Sunday, June 19, 2005

Voices: More on the Faith Based Prison

Judge Brown was on the radio this morning promoting the prison project. We have been following and analyzing this project for some time. I think it is fair to say that he just repeated some old mantras that are not completely supported by facts. He started off with the noble goal of reducing recidivism. He then moved on to how Tom Green county was selected. Economic benifits were covered next. Recidivism was addressed again from the economic impact that the criminal justice system has on communities. Site selection was next, and the low likelyhood of escapes. The prison industry was mentioned. Some things need to be clarified.

First, the jury is still out on the effectiveness of faith based programs on reducing recidivism. The studies so far are not all that conclusive either way. As pointed out in the analysis of one study, many of the studies mix apples and oranges. The secret seems to be that real help is needed for prisoners to adjust to the choices and demands of freedom for an extended period of time after they are released. The current practice of just dumping prisoners back into society under supervision of a Parole Officer that is overworked and whose main tool is the threat of more prison time just is not working. With these prisoners being from potentially anywhere, it is hard to see how this follow on program can be managed and coordinated. That part needs lots of attention.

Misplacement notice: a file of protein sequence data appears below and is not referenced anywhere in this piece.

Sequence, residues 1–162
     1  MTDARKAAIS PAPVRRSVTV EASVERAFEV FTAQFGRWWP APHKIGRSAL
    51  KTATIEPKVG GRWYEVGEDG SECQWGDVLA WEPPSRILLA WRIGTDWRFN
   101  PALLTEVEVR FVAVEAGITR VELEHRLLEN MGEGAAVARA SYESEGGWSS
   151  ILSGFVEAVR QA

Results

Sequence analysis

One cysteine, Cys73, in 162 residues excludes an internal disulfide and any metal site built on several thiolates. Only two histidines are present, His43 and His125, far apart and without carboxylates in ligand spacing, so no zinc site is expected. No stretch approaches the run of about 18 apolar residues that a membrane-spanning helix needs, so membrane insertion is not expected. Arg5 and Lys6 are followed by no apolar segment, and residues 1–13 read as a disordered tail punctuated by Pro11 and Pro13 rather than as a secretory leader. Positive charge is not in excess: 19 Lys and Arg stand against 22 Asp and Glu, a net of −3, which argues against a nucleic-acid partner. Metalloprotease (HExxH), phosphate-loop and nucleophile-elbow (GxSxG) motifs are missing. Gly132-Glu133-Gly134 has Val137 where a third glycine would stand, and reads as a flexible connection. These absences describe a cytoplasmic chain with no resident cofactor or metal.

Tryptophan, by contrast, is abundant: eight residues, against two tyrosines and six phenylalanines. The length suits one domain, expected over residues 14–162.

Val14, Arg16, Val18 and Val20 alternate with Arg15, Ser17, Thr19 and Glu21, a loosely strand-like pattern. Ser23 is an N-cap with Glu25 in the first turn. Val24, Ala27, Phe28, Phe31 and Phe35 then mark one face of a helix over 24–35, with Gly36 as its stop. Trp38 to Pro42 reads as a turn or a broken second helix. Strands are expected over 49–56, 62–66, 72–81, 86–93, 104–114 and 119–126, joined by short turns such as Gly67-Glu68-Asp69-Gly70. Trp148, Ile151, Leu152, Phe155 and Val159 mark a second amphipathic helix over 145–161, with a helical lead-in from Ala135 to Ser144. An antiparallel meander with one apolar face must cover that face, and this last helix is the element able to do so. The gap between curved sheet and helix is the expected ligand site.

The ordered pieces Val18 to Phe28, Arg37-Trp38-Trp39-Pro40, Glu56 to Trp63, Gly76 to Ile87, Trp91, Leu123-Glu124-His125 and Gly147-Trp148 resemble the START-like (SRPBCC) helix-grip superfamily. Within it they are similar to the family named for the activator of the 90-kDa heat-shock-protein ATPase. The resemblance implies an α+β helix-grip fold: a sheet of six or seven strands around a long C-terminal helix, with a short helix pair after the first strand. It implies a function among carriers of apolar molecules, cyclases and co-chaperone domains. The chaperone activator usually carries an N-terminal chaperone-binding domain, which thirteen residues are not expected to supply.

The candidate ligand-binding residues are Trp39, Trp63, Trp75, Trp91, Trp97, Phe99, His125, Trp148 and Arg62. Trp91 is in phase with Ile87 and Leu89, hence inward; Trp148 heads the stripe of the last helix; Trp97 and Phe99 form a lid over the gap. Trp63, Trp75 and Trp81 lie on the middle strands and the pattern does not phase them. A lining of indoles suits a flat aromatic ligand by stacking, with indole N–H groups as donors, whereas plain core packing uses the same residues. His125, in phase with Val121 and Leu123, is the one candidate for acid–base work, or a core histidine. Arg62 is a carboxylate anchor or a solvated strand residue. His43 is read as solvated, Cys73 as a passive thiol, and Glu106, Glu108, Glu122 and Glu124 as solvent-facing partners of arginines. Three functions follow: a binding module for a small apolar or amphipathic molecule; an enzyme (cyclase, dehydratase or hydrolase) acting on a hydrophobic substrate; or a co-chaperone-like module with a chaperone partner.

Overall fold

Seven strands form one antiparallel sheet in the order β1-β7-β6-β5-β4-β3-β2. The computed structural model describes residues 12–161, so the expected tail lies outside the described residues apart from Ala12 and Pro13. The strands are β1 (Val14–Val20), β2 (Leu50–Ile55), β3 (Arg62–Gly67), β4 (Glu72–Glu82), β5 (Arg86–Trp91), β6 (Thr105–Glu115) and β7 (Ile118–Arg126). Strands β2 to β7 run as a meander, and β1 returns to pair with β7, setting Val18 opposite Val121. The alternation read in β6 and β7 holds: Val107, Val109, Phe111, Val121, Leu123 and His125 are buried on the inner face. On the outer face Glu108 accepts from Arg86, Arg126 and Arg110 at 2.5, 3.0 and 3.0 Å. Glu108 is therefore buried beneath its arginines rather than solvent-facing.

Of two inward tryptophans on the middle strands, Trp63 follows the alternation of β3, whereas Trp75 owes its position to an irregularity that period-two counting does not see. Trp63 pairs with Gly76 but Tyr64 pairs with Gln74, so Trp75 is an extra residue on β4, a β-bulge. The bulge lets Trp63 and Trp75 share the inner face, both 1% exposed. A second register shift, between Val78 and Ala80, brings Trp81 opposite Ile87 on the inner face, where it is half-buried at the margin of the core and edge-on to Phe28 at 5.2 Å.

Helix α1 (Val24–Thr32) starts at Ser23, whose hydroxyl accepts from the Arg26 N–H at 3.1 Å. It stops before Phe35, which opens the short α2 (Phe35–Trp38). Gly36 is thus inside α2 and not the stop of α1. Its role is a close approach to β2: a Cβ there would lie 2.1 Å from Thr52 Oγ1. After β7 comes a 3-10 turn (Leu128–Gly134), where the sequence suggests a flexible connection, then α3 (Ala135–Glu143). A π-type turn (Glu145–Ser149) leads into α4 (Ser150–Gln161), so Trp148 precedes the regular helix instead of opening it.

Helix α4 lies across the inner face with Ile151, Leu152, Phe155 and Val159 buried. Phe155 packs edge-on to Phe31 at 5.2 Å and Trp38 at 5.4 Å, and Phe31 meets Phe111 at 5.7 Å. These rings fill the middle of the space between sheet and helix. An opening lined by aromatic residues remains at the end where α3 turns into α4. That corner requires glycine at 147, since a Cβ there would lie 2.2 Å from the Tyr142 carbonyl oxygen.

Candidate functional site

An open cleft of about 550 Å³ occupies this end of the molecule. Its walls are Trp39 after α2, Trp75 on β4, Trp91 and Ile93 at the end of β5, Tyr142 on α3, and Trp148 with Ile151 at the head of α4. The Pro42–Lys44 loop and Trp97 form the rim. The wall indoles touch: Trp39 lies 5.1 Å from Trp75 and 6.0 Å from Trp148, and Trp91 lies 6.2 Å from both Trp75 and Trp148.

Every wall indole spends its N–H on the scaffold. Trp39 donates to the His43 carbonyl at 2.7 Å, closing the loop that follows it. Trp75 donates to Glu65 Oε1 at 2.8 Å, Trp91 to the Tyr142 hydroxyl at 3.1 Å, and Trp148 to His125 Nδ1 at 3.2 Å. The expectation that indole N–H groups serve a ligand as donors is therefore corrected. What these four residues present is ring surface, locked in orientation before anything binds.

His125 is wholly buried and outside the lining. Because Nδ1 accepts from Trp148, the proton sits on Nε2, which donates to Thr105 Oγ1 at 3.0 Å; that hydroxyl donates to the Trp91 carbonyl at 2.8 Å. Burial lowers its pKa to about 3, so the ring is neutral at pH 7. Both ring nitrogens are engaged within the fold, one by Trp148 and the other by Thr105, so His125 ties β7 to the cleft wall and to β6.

Next issue that needs to be addressed is economic impact. It is one thing, as Judge Brown suggested, to talk to judges in counties with prisons. That is necessary, but it doesn't really give an accurate picture of the impacts of a prison. Study after study of the results show that there is little positive impact from building a prison, and that having a prison in town historically has discouraged other business development. One common theme in most studies based on historical data is that though prisons do create a stable set of long term jobs, towns with prisons lag towns without prisons in economic growth. These are also not high paying jobs with a future. These are stressful, demanding, skilled jobs that pay little more than a clerk or sales manager would make.